Now officially a Xitaan

June 30, 2008

Last 5 months I haven’t done a lot of software development for my work. I was given the chance to do more consultancy related tasks like performance/stability trouble shooting and audits. I could never have imagined it, but I lost my passion for ‘just’ writing software. I still do write software at home. At the moment I’m working on a tool that is able to detect which objects are accessed by multiple threads. One of the main challenges now is to replace AspectJ by a custom Java agent that gives me more flexibility and doesn’t interfere with other AspectJ configurations. But I’m not satisfied working on projects anymore; I was an unhappy developer and continuing on this road doesn’t provide a bright future.

A few weeks ago I was asked to make the switch officially from the development department (XSD) to the consultancy department (XITA) and I agreed:

  1. XSD (Xebia Software Development) does projects
  2. XITA (Xebia IT Architects): does more consultancy related tasks like audits, trouble shooting, advice etc.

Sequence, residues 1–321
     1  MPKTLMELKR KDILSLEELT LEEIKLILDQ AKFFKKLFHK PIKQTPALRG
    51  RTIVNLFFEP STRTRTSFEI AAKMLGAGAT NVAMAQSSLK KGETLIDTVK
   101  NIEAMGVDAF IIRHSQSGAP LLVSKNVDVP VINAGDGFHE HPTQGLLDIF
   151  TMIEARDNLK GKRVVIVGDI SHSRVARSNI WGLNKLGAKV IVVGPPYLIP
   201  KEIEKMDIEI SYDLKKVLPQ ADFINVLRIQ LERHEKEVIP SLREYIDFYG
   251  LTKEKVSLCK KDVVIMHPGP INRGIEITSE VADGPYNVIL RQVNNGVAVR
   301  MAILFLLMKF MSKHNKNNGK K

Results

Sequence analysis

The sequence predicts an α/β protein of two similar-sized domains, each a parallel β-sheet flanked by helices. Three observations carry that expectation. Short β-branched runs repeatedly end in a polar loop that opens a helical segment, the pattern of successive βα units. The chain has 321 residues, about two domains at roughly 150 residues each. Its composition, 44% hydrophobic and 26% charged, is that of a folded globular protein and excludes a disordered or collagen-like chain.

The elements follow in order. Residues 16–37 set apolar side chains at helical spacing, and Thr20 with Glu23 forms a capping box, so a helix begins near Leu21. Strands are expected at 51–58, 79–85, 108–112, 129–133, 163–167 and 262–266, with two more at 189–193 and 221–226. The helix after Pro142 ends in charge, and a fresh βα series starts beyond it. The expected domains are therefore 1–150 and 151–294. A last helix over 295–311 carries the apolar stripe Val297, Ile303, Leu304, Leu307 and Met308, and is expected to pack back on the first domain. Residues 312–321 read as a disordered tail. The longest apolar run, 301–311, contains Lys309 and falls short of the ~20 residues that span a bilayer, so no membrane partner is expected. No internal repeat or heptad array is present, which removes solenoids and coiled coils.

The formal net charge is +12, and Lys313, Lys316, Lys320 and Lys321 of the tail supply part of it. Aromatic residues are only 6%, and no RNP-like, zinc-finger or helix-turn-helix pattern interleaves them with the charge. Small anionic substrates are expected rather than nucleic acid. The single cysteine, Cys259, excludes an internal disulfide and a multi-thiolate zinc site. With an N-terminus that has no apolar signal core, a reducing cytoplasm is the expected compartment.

3. XBR (Xebia Business Requirements): does a lot on the business side of IT like changing the development process or giving business advice.

Within XITA I want to continue specializing in everything related to concurrency and distributed computing. Also I’m thinking about speaking at JFall (a Dutch Java conference) about the Java Memory Model and I’m planning to give an internal? course on this subject as well.

Detecting Concurrency II: an Example

June 3, 2008

Last week I wrote a blogpost about detecting multithreaded access on objects. To make it a little bit less abstract, you can find a report here (sorry for the lame file sharing mechanism). The report is created by running the tool on Apache Tomcat (a project with some concurrency problems).

In the first section you can find which fields are touched by multiple threads, and a few other statistics like the maximum number of read/writes by a single thread, and the maximum total number of read/writes by all threads on some instance. In the second report section you can see which instances were touched by which threads, and you can also see the overlapping fields (so fields touched by 2 or more threads).